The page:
• 1948 – Network TV news begins. Launched in February 1948 by NBC, Camel Newsreel Theatre was a 10-minute program anchored by John Cameron Swayze, and featured newsreels from Movietone News. CBS soon followed suit in May 1948 with a 15-minute program, CBS-TV News, anchored by Douglas Edwards and subsequently renamed Douglas Edwards with the News.
  • 1948 – The first successful “tornado forecast” issued, and successfully predicted the 1948 Tinker Air Force Base tornadoes which were two tornadoes which struck Tinker Air Force Base in Oklahoma City, Oklahoma on March 20 and March 25.
  • In 1953, Donald Staggs, an electrical engineer working for the Illinois State Water Survey, made the first recorded radar observation of a “hook echo” associated with a tornadic thunderstorm.
  • 1957 the WSR-57 the first ‘modern’ weather radar, is commissioned by the U.S. Weather Bureau
  • 1958 – Chester Carlson presents the first photocopier suitable for office use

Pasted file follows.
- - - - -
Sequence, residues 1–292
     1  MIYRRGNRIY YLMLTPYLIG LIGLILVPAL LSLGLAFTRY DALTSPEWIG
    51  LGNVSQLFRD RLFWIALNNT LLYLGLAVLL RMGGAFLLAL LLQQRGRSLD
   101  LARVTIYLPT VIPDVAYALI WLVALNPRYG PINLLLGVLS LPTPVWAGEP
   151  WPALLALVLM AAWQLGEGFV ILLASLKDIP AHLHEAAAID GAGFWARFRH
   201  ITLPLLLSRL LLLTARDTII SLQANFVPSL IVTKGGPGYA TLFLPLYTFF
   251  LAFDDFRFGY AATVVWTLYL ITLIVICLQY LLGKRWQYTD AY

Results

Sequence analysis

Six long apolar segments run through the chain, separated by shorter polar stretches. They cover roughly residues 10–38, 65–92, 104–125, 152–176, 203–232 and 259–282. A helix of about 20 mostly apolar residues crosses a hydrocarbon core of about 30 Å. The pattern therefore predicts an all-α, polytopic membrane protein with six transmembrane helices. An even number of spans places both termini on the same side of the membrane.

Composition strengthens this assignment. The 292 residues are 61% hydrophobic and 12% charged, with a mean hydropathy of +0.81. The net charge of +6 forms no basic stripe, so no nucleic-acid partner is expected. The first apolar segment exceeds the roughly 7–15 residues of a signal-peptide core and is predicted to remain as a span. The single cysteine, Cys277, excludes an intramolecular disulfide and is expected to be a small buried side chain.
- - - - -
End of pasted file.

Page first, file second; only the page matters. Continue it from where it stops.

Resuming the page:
• 1960 – TIROS-1 the first successful weather satellite, and the first of a series of Television Infrared Observation Satellites, was launched at 6:40 AM EST[1] on April 1, 1960 from Cape Canaveral, Florida.
  • 1962 – The first satellite television signal was relayed from Europe to the Telstar satellite over North America.
  • 1963 – First geosynchronous communications satellite is launched, 17 years after Arthur C. Clarke‘s article
  • 1963 CBS Evening News establishes the standard 30 minute network news broadcast. On September 2, 1963, the show expanded from 15 to 30 minutes.
  • 1966 – Charles Kao realizes that silica-based optical waveguides offer a practical way to transmit light via total internal reflection
  • 1967 – The National Hurricane Center is established in the Miami, FL National Weather Service Forecast Office.
  • 1969 – The first hosts of ARPANET, Internet‘s ancestor, are connected.